All About THAT


Posted May 12, 2017

When writing your dissertation, following proper grammar rules ensures that your writing is produced at the highest scholarly level. This blog covers the proper use of the word that as a pronoun or as a restrictive clause.

That vs. Who

A pronoun must agree in gender (i.e., masculine, feminine, or neuter) with the noun it replaces.  This rule extends to relative pronouns: pronouns that link subordinate clauses to nouns.  Use who for human beings; use that or which for nonhuman animals or things (APA6, 3.20).

Correct:

  • The teenagers who broke into the zoo were quickly apprehended; the lions that escaped were not.

Incorrect:

  • The zookeepers that caught the teenagers were awarded a medal; the lions who escaped were not.

Relative pronouns introduce an element that is subordinate to the main clause of the sentence and reflects the relationship of the subordinate element to the main clause. Therefore, select these pronouns with care; interchanging them may reduce the precision of your meaning.

That vs. Which

That clauses (called restrictive) are essential to the meaning of the sentence.  Which clauses can merely add further information (nonrestrictive) or can be essential to the meaning of the sentence.  APA prefers to reserve which for nonrestrictive clauses and use that in restrictive.

Restrictive

  • The cards that worked well in the first experiment were not useful in the second experiment. [Only those cards that worked well in the first experiment were not useful in the second; prefer]

Nonrestrictive

  • The cards, which worked well in the first experiment, were not useful in the second experiment. [The second experiment was not appropriate for the cards.]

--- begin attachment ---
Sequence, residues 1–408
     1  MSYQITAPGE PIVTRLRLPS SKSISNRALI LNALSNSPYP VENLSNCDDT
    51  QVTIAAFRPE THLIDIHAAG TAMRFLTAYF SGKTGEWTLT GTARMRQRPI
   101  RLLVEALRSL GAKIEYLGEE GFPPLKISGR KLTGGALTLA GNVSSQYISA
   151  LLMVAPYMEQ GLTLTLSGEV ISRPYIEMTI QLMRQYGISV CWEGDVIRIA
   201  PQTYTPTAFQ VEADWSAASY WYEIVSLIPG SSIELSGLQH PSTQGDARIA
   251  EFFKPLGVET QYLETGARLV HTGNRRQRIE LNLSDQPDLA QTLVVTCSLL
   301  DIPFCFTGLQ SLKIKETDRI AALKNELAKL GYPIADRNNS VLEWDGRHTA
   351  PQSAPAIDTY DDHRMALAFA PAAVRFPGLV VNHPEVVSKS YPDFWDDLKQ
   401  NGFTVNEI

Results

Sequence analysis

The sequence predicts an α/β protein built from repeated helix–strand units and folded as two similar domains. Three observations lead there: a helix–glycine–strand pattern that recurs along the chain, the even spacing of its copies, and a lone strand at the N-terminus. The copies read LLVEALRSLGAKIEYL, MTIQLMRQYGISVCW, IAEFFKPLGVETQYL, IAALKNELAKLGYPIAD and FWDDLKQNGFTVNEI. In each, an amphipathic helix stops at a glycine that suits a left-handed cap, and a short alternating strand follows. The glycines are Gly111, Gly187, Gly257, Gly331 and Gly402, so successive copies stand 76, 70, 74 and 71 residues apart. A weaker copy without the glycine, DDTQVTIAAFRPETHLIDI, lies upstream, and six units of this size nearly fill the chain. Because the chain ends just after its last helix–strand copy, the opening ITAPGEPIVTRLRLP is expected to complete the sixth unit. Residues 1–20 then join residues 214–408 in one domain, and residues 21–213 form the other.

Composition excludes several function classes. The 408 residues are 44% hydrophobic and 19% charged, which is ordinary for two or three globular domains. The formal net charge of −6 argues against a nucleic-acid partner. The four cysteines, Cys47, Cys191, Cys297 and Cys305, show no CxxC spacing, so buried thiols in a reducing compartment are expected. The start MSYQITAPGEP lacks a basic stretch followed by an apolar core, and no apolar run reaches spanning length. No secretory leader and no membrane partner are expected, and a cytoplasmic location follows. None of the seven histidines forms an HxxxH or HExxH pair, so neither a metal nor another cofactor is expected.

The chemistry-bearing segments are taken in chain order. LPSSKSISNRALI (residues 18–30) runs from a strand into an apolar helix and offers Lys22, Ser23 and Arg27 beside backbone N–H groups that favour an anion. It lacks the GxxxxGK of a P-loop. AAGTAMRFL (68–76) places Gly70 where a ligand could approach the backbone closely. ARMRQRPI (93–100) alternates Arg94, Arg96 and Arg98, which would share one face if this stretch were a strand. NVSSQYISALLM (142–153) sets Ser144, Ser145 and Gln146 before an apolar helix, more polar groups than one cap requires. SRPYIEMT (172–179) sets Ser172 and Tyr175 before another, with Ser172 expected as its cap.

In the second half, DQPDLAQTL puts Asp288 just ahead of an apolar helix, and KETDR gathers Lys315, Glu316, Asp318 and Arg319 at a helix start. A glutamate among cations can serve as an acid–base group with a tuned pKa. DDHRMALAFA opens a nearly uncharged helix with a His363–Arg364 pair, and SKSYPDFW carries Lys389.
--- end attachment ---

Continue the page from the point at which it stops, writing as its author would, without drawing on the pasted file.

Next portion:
Consistent use of that for restrictive clauses and which for nonrestrictive clauses, which are set-off with commas, will help make your writing clear and precise.
A pronoun must agree in gender (i.e., masculine, feminine, or neuter) with the noun it replaces. This rule extends to relative pronouns: pronouns that link subordinate clauses to nouns. Use who for human beings; use that or which for nonhuman animals or things (APA6, 3.20).
Correct:
The teenagers who broke into the zoo were quickly apprehended; the lions that escaped were not.
Incorrect:
The zookeepers that caught the teenagers were awarded a medal; the lions who escaped were not.
Relative pronouns introduce an element that is subordinate to the main clause of the sentence and reflects the relationship of the subordinate element to the main clause. Therefore, select these pronouns with care; interchanging them may reduce the precision of your meaning.

That vs. Which
That clauses (called restrictive) are essential to the meaning of the sentence. Which clauses can merely add further information (nonrestrictive) or can be essential to the meaning of the sentence. APA prefers to reserve which for nonrestrictive clauses and use that in restrictive.
Restrictive
The cards that worked well in the first experiment were not useful in the second experiment. [Only those cards that worked well in the first experiment were not useful in the second; prefer that.]author nicole
Nonrestrictive
The cards, which worked well in the first experiment, were not useful in the second experiment. [The second experiment was not appropriate for the cards.]

Consistent use of that for restrictive clauses and which for nonrestrictive clauses, which are set-off with commas, will help make your writing clear and precise.

Want more APA tips and tricks? No problem, we've created a style guide that will take you through the basics and beyond. Fill out the form to the right to request your APA Style Guide: Basics and Beyond download now!


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